Lego my Ego

I recently recalled an event from my early childhood. One that may reveal too much about myself. But as it revolves around a very specific object, and I happen to still have this object at hand, here we go.

I was probably 4½ years old, and my mother had taken me and my baby brother on errands. I infer that she promised me a toy, as I clearly recall being in a hole-in-the-wall strip-mall toy store, and my mother impatiently goading me to go ahead and pick something out.

My brother (maybe 18 months old) got fussy. Clearly, my brother was about to melt down right there in the store. So mom handed me a dollar and told me to pick out some Lego. I felt quite grown up being given that responsibility. Not only to choose what I wanted, but also to handle the money myself. So there I was alone in the Lego aisle.

I could read numbers and quite a few words by this point, so knew that I could only afford some of the small boxes. Also I could only reach the bottom two shelves. Even with these restrictions, it was an overwhelming variety. I also had been instilled with the idea of getting as much as possible for my money. So I carefully looked at the piece counts on the boxes. Finally grabbed a box that looked like a good deal, and walked over to the counter. I reached up and placed the box and the dollar up there.

Squat Lego block
Well used six-stud
one-third height
Lego block I’ve had since 1965

The clerk (whom I remember being a young man) asked me if I was sure this was what I wanted. His tone struck me as condescending, and I didn’t like being challenged, so I confirmed.

He opened the box, and showed me the colorless, flat, odd sized pieces inside. He probably was sure that I would be happier with a box of assorted pieces that would assemble into something. He probably was right.

He said that this box only has this one kind of piece in it, was I sure?

“I know that,” I asserted. I did see the picture on the box, and the number of pieces. I wasn’t some stupid little kid, after all. Sure, I had no idea what I would use them for. But they looked like a good value, and my mother was waiting for me, and I had to finish my business.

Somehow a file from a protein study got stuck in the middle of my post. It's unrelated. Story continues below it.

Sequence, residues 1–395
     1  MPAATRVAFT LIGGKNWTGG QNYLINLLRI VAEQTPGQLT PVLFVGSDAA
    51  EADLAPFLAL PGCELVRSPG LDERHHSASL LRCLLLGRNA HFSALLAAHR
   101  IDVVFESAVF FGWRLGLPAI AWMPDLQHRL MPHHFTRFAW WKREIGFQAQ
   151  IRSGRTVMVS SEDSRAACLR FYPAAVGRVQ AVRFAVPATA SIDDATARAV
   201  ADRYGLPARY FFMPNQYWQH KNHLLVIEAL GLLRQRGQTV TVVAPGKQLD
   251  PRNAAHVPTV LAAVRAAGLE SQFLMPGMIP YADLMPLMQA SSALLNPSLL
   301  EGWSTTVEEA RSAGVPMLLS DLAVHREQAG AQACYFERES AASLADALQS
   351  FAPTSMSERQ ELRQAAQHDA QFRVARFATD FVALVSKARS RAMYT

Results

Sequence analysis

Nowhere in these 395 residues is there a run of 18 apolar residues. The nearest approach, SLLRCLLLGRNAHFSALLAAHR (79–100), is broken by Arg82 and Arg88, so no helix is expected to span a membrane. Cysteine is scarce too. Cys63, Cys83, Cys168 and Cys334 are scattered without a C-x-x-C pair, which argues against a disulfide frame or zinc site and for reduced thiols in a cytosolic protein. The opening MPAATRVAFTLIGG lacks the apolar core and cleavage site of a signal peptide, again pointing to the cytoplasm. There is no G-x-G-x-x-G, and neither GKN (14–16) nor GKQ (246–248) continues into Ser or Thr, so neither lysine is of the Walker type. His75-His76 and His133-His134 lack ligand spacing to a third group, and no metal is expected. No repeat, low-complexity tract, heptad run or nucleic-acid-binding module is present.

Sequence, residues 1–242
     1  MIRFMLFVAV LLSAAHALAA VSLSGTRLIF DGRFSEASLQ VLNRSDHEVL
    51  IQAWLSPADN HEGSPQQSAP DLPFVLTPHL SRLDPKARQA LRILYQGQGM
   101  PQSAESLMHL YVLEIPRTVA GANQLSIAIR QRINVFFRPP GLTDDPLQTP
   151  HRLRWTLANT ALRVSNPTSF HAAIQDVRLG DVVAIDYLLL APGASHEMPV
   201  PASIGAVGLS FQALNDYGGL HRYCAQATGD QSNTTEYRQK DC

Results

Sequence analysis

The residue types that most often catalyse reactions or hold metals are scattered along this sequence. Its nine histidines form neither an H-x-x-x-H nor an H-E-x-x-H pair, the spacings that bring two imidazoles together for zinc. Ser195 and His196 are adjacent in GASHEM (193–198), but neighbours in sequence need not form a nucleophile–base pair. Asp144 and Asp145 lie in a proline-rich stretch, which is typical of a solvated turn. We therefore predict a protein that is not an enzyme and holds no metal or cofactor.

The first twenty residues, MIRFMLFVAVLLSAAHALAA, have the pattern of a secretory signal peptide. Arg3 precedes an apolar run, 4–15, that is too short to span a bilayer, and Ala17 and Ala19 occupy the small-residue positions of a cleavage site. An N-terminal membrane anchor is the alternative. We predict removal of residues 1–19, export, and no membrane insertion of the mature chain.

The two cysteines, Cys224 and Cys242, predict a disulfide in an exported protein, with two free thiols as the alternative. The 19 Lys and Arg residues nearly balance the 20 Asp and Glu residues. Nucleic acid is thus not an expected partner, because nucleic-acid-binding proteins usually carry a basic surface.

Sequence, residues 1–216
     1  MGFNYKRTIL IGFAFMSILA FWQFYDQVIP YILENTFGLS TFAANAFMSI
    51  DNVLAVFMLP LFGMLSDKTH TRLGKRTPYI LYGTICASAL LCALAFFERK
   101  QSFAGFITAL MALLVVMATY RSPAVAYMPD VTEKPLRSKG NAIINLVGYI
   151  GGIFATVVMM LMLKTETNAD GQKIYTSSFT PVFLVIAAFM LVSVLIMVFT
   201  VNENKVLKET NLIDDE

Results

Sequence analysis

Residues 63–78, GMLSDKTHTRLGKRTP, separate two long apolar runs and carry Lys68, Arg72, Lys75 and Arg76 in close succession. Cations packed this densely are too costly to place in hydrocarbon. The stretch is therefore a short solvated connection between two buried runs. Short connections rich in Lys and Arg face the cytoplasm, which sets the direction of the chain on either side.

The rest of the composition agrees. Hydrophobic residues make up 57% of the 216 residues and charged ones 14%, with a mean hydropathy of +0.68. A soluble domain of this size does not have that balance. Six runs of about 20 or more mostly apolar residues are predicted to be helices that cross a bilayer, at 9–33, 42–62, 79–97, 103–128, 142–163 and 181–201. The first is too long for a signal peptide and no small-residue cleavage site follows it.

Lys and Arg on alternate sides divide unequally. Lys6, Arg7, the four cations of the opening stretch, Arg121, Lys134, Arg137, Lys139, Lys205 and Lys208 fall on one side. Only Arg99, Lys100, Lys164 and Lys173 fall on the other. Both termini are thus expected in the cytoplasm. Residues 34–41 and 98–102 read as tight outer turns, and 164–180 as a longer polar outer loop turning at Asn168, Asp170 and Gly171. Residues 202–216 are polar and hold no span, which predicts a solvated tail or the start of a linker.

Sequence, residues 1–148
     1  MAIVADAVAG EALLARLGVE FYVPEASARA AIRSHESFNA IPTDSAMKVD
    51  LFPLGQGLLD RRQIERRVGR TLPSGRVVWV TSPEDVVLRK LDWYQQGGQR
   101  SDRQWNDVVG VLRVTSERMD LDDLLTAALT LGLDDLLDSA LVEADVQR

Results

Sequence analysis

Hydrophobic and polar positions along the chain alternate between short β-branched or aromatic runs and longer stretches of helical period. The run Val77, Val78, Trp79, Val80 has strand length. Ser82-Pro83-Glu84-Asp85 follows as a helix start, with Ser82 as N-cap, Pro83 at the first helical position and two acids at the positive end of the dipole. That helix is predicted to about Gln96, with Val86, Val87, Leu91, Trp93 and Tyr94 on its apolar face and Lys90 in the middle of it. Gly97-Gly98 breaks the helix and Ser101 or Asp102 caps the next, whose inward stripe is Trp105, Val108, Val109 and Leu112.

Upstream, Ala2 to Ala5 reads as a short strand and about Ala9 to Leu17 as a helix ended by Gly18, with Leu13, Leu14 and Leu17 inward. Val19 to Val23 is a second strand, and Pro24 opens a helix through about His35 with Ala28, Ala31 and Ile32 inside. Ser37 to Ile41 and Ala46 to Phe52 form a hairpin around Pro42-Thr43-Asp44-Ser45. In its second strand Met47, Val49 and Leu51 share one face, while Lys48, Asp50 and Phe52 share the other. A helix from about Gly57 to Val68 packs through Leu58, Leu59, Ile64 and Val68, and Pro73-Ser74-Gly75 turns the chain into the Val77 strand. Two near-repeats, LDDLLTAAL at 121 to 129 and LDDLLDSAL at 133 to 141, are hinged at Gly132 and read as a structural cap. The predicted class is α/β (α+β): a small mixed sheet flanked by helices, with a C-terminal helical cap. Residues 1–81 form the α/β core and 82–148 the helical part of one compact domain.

So the clerk (who had been hoping my mother would return) went ahead and kachinged the register way up on the counter, then leaned over and counted out the change on the counter where I could see by standing on my toes. Then handed the change down to me, and then he handed me the little brown bag with my box of Lego.

I hastily made my egress (had to push hard to open the door) and found our white VW bug parked at the sidewalk with its nose toward the store. My mother was wrestling with my brother in the back seat, probably a diaper change against his will.

When I came up, she was watching for me. She asked for the change and the receipt. I handed them to her and climbed into the back seat. It was my job to keep my brother on the seat; this was before child seats or seat belts. And then (as one might surmise) she drove us home.

Back to my prize: I suspect that I realized pretty quickly that my first purchase ever was not a great choice. Who ever uses Lego with a multiple of three? Every piece I’d seen before had 1, 2, 4, or 8 studs. All were also full height. I probably secretly hoped that there was something better in the box, besides what the box claimed. But no.

So my ego was clearly very defensive already back then, when I had only a fuzzy idea of the relationship between value and price. But I still look for best value, and still am unable to admit that I had acquired something that I didn’t really want. And returning things just feels wrong.

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